Robinhood has long branded itself as an accessible platform that provides free financial services for its users. Its mission statement includes a pledge to “democratize finance for all.” But the company makes money by selling its order flow — information about user transactions — to third party clients who actually enact trades with access to user data.

Order flow has accounted for the vast majority of Robinhood’s quarterly earnings. The company earned roughly $675 million in revenue from payments for order flow, according to quarterly revenue data compiled by The Box.

Trades may be commission free for Robinhood users but they are actually sold to “market makers” that often used their position as the middle man to generate profit, according to the Financial Times. Most of these “market makers” are hedge funds or other institutional investors that financially benefit from more trade and market volatility.

Robinhood was fined $65 million by the Securities and Exchange Commission (SEC) in December for “misleading statements and omissions” regarding its payment for order flow process. The SEC concluded that Robinhood “deprived” users of $34.1 million after providing their order flow to clients that prioritized higher revenue over providing the best price for customers.

Robinhood’s largest clients for order flow are all hedge funds and other institutional investors according to an SEC filing from 2020. More than half of the company’s market orders were purchased by Citadel Securities — an affiliate of the hedge fund Citadel LLC. (RELATED: Janet Yellen Received $810K In Speaking Fees From Hedge Fund Embroiled In GameStop Saga)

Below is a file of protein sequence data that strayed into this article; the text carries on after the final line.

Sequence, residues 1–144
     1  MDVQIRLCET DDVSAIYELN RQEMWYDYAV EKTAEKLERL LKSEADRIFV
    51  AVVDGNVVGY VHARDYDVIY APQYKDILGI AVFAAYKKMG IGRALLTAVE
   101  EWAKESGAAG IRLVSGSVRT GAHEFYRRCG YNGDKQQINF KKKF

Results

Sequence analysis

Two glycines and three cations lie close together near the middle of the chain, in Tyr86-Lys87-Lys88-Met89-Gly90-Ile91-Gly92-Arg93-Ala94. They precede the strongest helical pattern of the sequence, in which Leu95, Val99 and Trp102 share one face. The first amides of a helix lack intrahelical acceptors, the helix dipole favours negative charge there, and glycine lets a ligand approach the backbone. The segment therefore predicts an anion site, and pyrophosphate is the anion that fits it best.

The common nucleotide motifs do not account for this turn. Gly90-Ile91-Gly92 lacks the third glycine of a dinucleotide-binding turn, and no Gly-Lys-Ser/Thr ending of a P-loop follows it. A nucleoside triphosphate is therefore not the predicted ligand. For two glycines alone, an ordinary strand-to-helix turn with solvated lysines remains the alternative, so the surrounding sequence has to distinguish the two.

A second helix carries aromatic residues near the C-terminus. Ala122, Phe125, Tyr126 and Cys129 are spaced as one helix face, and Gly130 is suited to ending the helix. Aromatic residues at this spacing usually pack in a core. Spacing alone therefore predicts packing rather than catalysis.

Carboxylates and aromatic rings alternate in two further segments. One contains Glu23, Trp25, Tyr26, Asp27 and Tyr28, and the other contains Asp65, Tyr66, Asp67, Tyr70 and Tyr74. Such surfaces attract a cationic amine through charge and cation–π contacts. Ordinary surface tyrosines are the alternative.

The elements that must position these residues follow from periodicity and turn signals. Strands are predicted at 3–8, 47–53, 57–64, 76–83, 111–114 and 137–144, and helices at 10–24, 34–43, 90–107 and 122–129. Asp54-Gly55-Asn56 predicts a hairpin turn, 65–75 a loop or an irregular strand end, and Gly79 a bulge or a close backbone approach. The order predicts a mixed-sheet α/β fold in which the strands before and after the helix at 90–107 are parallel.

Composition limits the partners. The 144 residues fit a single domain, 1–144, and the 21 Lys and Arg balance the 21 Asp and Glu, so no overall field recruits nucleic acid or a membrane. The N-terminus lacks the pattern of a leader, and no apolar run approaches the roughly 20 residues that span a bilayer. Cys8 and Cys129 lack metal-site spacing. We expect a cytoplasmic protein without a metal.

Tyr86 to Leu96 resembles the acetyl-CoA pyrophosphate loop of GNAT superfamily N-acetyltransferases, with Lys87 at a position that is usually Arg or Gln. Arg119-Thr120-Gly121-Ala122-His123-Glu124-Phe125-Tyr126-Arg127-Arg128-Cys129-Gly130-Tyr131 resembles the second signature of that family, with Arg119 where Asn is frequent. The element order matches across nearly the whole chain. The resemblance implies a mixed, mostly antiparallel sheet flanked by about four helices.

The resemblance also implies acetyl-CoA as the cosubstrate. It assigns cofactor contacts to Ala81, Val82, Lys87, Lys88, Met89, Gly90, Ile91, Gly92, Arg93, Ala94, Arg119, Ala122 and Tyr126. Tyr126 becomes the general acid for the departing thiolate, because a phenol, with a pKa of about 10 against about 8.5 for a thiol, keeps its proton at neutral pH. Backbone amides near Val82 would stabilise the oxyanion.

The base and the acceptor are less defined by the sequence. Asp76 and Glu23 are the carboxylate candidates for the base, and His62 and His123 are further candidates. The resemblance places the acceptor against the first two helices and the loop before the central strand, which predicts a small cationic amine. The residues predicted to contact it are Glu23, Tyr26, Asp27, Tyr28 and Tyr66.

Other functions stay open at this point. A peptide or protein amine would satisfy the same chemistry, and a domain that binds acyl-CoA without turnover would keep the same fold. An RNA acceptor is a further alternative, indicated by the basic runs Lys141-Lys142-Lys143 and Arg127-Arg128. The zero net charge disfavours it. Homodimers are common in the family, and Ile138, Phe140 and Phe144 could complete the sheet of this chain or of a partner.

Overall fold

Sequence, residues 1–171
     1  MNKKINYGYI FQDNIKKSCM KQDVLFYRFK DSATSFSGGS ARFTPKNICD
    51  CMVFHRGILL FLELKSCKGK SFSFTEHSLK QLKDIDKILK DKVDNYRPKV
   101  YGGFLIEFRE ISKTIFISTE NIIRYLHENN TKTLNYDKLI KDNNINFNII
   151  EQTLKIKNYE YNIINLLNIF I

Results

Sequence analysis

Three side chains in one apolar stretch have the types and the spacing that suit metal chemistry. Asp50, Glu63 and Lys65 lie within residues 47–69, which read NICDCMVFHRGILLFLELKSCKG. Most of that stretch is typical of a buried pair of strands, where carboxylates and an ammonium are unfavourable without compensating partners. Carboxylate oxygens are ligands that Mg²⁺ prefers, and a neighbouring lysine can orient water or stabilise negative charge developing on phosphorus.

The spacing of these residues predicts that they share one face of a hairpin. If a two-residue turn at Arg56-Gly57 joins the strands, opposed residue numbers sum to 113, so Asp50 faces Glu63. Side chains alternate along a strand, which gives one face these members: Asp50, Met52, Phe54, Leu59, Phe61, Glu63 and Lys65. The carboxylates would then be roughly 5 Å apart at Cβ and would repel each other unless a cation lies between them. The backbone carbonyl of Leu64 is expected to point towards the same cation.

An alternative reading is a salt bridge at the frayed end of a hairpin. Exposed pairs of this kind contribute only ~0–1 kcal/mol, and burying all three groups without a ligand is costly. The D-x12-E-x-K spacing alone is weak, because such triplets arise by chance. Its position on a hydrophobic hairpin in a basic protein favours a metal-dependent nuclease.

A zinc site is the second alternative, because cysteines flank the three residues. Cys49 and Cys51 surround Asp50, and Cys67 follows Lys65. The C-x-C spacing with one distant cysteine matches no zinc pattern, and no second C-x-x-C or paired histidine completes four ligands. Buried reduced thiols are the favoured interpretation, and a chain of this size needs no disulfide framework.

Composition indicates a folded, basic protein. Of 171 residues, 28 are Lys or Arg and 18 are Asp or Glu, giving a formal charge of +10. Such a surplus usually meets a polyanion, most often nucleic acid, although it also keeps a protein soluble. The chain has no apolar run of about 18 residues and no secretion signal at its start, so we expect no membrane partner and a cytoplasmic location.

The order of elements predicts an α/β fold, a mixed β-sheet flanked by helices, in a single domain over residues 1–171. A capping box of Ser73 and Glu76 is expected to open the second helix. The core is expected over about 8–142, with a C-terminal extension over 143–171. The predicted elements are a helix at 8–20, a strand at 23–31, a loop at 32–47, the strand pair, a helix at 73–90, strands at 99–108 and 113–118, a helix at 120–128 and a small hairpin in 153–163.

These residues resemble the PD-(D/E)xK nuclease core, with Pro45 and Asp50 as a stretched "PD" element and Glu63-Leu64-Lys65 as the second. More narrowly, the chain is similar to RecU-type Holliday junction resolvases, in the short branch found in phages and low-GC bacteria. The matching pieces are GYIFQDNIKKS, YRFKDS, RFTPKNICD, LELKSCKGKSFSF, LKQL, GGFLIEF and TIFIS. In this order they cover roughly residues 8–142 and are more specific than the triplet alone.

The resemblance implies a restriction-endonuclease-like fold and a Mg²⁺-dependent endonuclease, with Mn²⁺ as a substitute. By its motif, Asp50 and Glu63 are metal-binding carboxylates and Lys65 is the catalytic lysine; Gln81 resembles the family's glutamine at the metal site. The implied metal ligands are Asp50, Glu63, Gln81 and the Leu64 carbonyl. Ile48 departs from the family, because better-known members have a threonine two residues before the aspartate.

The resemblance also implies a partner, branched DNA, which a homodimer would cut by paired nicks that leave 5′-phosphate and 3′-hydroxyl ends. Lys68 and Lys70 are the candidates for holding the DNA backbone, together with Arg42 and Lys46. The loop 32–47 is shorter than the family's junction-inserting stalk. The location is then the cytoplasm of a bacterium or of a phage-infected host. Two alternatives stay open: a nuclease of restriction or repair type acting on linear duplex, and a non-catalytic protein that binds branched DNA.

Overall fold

Citadel LLC notably attempted to bail out Melvin Capitol with a $2.75 billion investment after its GameStop short cost the latter billions of dollars, according to The Wall Street Journal.

Citadel Securities was also fined $22 million by the SEC in 2017 after the “market maker” was charged with providing misleading statements to brokerage firms about the way it priced trades ordered by retail investors.

According to SEC filings from 2020, other institutional investors that purchased Robinhood’s order flow included hedge funds G1X Execution Services LLC and Two Sigma Securities LLC along with brokerage firms Wolverine Securities LLC and Virtu Americas LLC.

Robinhood’s terms of service notes that certain content “is furnished by third parties” and specifies that neither the company nor third party provides are liable for damages. The company’s user agreement also requires investors using the app to “authorize or allow third parties” to gain access to services including market data and account information.

Those provisions are relatively common for terms of service and user agreements. But both Robinhood and the hedge funds that purchase user information have been charged by the SEC in the past for misleading individual traders, behavior which may have fueled the allegations that Robinhood restricted trading on its platform to protect the clients that finance the company.

The Daily Caller has reached out to Robinhood for comment regarding order flow payments and allegations that its recent practices favored institutional investors.